| Results|| |
There were 100 eligible liver cirrhosis patients with compensated liver functions, mean age of 54.67 years, ranging between 15 and 75 years; 54% were males. Investigations for the etiology of liver cirrhosis showed that 90% of the studied group were hepatitis C virus (HCV)-infected patients, 4% were hepatitis B virus (HBV)-infected patients, 2% were coinfected with both HCV and HBV, 1% had Wilson disease, 1% had congenital hepatic fibrosis, and 1% had primary biliary cirrhosis. Upper endoscopic examination was performed, and the results showed that 55% of the studied group of patients had EV; 16% of the studied group was found to have low-risk bleeding EV (grades I and II) and 39% had high-risk bleeding EV (grades III, IV, and V).
Univariate analysis of the studied parameters was carried out and it was found that decreased hemoglobin levels, platelet count, albumin levels and platelet count/splenic diameter ratio and increased bilirubin levels, INR levels, splenic size, splenic vein size, Child score B and C, and ascites were significantly associated with the presence of EV. On carrying out logistic regression analysis for the presence of EV using these parameters, they were found to be statistically significant predictors. The platelet count and platelet count splenic size ratio had the highest predictive accuracy and specificity, whereas the hemoglobin and albumin levels had the highest sensitivity. Logistic regression analysis for the presence of LEV showed that platelet count, splenic vein velocity, platelet count/splenic size ratio, and Child score B or C were the only significant predictors, with the platelet count/splenic size ratio having the highest predictive accuracy, the platelet count and splenic vein velocity having the highest specificity, and the Child score B and C having the highest sensitivity.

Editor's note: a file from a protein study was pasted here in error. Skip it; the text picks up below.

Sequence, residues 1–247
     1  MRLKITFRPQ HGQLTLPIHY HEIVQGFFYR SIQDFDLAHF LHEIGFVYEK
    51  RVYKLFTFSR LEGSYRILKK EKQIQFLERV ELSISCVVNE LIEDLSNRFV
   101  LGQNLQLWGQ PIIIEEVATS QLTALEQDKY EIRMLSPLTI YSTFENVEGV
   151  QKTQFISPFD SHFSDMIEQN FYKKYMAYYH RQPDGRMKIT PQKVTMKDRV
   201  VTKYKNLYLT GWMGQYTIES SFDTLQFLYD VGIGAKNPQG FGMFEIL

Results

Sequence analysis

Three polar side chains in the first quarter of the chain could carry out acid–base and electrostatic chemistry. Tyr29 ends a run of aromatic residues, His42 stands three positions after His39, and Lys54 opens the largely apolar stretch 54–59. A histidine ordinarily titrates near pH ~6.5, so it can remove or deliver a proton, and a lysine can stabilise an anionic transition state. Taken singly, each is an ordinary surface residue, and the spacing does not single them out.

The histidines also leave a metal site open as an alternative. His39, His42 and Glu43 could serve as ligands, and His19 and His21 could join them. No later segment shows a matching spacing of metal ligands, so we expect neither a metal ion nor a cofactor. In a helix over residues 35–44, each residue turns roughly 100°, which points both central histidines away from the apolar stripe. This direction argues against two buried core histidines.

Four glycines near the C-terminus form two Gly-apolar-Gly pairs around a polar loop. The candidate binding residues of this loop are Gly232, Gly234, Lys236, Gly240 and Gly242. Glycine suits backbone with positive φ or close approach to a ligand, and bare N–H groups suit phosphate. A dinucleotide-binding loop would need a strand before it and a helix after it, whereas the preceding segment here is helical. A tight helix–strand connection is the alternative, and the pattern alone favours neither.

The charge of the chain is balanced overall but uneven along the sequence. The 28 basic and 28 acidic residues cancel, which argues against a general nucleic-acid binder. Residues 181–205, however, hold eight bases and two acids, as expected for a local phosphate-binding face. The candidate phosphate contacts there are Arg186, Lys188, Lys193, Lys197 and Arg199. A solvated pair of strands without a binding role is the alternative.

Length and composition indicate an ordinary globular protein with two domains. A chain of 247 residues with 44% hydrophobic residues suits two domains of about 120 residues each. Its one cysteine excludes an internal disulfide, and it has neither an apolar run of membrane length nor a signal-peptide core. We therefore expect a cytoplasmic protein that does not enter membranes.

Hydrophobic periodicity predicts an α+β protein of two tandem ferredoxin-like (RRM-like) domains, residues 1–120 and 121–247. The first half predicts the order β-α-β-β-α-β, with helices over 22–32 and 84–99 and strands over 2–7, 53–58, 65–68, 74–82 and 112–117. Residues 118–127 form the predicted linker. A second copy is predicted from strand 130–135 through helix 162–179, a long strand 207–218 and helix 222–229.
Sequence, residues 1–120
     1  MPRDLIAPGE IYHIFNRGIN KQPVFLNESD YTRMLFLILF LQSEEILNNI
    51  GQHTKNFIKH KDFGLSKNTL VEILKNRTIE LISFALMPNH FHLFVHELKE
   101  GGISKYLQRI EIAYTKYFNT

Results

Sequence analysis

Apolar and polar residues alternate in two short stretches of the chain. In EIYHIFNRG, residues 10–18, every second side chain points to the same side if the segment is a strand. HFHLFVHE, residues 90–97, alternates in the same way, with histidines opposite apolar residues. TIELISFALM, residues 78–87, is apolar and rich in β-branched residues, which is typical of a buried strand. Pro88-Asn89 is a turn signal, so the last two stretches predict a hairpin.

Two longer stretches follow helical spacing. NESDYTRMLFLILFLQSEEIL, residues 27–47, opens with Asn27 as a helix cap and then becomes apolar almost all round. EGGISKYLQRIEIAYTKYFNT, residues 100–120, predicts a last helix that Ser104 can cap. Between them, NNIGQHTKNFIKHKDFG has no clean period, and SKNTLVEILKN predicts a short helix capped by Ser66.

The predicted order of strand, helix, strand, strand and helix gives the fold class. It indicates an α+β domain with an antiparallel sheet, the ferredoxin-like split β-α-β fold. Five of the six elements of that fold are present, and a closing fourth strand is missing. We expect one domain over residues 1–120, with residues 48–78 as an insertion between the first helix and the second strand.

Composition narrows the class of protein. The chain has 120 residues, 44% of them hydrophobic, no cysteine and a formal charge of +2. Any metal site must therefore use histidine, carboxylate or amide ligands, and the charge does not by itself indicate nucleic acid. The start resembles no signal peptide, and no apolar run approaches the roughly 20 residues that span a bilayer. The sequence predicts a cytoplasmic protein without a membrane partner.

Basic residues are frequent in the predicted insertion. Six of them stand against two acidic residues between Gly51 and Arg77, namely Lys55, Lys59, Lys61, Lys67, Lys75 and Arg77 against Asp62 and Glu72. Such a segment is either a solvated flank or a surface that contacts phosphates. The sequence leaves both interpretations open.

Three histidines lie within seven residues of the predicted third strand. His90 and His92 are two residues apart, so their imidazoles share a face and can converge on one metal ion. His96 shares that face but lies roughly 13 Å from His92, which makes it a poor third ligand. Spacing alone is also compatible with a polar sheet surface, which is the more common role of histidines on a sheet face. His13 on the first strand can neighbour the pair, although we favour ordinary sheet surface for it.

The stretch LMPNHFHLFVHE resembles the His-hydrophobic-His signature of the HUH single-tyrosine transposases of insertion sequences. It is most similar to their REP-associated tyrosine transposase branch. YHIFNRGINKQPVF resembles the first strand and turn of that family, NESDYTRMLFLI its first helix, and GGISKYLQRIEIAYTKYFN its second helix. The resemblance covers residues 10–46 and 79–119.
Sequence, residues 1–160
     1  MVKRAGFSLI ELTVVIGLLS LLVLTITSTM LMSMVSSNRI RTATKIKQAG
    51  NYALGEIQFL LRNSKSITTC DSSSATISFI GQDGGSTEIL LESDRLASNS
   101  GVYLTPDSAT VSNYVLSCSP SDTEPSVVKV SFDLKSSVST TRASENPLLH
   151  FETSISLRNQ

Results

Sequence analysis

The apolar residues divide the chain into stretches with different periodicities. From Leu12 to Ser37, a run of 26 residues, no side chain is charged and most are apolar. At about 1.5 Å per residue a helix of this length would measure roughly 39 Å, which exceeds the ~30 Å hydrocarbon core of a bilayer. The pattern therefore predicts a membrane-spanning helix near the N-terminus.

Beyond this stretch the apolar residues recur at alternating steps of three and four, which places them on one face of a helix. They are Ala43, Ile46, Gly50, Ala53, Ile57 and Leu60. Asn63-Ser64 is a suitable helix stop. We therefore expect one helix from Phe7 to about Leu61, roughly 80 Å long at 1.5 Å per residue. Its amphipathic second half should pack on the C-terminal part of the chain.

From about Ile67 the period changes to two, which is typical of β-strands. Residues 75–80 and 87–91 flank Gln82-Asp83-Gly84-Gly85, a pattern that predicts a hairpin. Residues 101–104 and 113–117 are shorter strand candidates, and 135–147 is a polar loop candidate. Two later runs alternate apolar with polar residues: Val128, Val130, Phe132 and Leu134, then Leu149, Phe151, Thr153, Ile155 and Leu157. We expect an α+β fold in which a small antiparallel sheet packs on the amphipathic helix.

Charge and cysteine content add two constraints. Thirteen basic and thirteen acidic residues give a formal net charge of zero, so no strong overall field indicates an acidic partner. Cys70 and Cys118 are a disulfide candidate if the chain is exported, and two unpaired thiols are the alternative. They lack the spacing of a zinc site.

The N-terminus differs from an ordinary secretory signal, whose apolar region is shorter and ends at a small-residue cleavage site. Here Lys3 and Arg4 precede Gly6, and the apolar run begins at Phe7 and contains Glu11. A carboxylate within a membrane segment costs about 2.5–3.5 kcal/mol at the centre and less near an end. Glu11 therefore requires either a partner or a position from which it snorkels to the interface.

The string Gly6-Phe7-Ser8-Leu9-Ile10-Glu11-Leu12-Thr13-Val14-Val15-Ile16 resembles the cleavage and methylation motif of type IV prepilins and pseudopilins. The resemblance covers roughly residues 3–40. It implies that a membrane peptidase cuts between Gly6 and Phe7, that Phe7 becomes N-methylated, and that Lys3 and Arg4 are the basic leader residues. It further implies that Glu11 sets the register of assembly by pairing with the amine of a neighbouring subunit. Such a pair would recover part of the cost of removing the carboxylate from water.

An ROC curve was constructed and the cutoff values were calculated for each variable; the optimum cutoff point for the platelet count/splenic size ratio for diagnosing EV was 684.7, but this cutoff point was 589.8 for diagnosing LEV [Table 1].
|Table 1: Factors predicting the presence of esophageal varices and large esophageal varices|
Click here to view
| Discussion|| |
There is a particular need for noninvasive predictors of the presence of EV as they might help reduce medical, social, and economic costs. Nevertheless, most of the studies on the noninvasive diagnosis of EV have been carried out in a particular subgroup of patients, that is, patients who were going to be placed on a liver transplantation waiting list, whereas some studies lacked uniformity in EV classification or adequate statistical analysis 1. Several studies in the past have shown independent parameters such as splenomegaly 2, ascites 3, spider naevi 4, Child’s grade 5, platelet count 6, 7, prothrombin time/activity, portal vein diameter, platelet count/spleen diameter ratio 8, serum albumin 9, and serum bilirubin 3 as significant predictors for the presence of EV. Spleen size is becoming increasingly important because both splenomegaly and EV may be related to high portal pressure; also, splenomegaly may increase platelet sequestration and lead to a low platelet count.